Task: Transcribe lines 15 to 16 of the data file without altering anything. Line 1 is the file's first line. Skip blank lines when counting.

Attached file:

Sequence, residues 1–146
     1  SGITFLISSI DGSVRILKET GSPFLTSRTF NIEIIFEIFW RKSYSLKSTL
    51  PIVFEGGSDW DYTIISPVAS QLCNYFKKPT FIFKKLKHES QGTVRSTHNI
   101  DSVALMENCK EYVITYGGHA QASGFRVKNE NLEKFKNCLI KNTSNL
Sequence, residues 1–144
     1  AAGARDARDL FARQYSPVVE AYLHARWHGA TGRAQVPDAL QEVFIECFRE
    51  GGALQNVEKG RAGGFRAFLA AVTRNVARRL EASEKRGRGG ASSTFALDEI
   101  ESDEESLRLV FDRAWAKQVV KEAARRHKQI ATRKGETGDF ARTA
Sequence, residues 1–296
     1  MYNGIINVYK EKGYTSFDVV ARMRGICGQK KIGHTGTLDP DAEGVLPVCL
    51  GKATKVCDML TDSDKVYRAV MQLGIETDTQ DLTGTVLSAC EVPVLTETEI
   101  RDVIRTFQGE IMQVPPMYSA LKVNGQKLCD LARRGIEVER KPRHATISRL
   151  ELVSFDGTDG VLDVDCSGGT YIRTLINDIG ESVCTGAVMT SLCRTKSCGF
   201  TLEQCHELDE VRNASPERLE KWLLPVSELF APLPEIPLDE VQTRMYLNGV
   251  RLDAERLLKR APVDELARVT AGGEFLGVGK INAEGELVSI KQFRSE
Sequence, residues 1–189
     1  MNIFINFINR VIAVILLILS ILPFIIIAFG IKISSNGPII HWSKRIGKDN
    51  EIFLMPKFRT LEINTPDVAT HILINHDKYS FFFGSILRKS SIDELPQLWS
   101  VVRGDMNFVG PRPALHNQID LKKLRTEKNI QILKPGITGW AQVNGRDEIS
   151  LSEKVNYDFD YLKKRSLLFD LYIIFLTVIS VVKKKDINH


   251  RLDAERLLKR APVDELARVT AGGEFLGVGK INAEGELVSI KQFRSE
Sequence, residues 1–189